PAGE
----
EPS 82: Introduction to Oceans

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  • Brian Quigley
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About this Guide

This guide provides information on recognizing and finding peer-reviewed articles for your group presentation on Oceans in the News.

What is peer review?

Your assignment requires you to find peer-reviewed articles. These may also be called refereed articles. What does this mean?

Peer review is a process by which articles are subjected to rigorous and critical review by experts in the field prior to publication. It is a form of quality control. Generally, two or more expert reviewers (or referees) will evaluate an article to determine whether it is worthy for publication based on specific criteria:

The process

Once an article is published in a peer-reviewed journal, it may appear in print, online, or both.

Peer review is not a guarantee

Articles that are peer-reviewed have been carefully evaluated by experts but this does not mean that everything in the peer-reviewed literature is correct. Results published in peer-reviewed articles may later be found to be unsound or may be contradicted by new findings. The continual re-evaluation of previous research findings is one of the primary mechanisms by which scientific understanding is advanced.

(Adapted from the Bio 1b Scientific Literature guide by courtesy of the Bioscience & Natural Resources Library)

Campus Library Map

Click on the image below to see a larger interactive version of the campus library map.

UC Berkeley Library campus map

You can also view/download a PDF map of library locations. For library contact information and building addresses, visit our directory.

Recognizing peer-reviewed articles

How can you tell if an article has been peer-reviewed? Try looking for clues in the article itself:

Peer-reviewed articles may not exhibit all of these criteria but they can be good indicators of peer-review.

(Adapted from the Bio 1b Scientific Literature guide by courtesy of the Bioscience & Natural Resources Library)

Off-campus Access to Library Resources

Before you can access UCB Library resources from off campus or via your laptop or other mobile devices, make sure you have configured your machine using one of two simple methods (Proxy Server is the quickest and easiest):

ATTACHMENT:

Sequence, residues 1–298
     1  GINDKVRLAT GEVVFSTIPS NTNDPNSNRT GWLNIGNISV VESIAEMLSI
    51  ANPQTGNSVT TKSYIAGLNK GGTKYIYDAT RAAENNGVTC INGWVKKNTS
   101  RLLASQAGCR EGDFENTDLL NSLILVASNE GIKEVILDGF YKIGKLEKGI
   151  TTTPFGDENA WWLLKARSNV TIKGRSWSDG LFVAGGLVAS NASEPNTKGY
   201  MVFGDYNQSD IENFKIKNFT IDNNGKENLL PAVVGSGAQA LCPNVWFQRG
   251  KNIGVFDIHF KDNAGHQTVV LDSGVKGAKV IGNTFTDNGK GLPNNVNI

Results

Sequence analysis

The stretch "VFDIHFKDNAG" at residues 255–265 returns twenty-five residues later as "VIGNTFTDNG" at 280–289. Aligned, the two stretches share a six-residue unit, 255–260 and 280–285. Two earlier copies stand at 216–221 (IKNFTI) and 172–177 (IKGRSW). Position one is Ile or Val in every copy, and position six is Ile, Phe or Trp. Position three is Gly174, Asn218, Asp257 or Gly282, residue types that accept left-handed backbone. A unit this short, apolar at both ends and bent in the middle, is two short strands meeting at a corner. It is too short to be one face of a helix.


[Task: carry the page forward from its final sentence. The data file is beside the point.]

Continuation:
Proxy Server
After you make a one-time change in your web browser settings, the proxy server will ask you to log in with a CalNet ID when you click on the link to a licensed resource. See the setup instructions, FAQ, and Troubleshooting pages to configure your browser.  Make sure you check the proxy configuration before you start researching.

VPN (Virtual Private Network)
After you install and run the VPN "client" software on your computer, you can log in with a CalNet ID to establish a secure connection with the campus network.

Article Databases

Search an article database to find citations (title, author, title of journal, date, page numbers) for articles on a particular topic. The Library gives you access to over 200 article databases covering different disciplines.

The two databases listed below are excellent starting points for your research. Oceanography and the earth sciences are very interdisciplinary subjects, however, so you might also need to try databases focusing on related disclipines. Check our Article Databases by Subject list to choose Recommended databases in appropriate subjects.

Building a Search

Think about your keywords, and their synonyms and variations, before constructing your search. Since different authors might use different terms for the same concept, searching with synonyms helps you find more articles related to your topic. Take advantage of database search techniques to find the most relevant articles for your research. Here's an example:

(global warming or climate change) and (agricultur* or farm*)

What search techniques are being used in this example?

Here are two images from the Library Workshop 101 tutorial on Basic Search that further explain these concepts:


Visual explanantion of AND and OR with Venn diagrams

For a fuller explanation of these, view the Basic Search tutorial.

Where's the PDF?

Once you've searched an index to find articles, you may need to use UC-eLinks to link to a PDF or html file if the full text is not immediately available. Each database is a bit different, but a good rule of thumb is this: when you see the UC-eLinks icon, click on it to view your article access options, which can range from full text to a call number to an Interlibrary Loan request:

UC e-Links image

For more information, here's a tutorial on using UC-eLinks.

Ask a Librarian 24/7 Chat

You do allow embedded content.

You can type your question directly into this chat window to chat with a librarian. Your question may be answered by a reference librarian from Berkeley, from another UC campus, or another academic library elsewhere in the US.  We share information about our libraries to make sure you get good answers.

If the librarian can't answer you well enough, your question will be referred to a Berkeley librarian for follow-up.

Have fun chatting!

Getting Help

Other ways to get help:  in person, by e-mail, using specialized chat services

And, of course, feel free to e-mail Brian.

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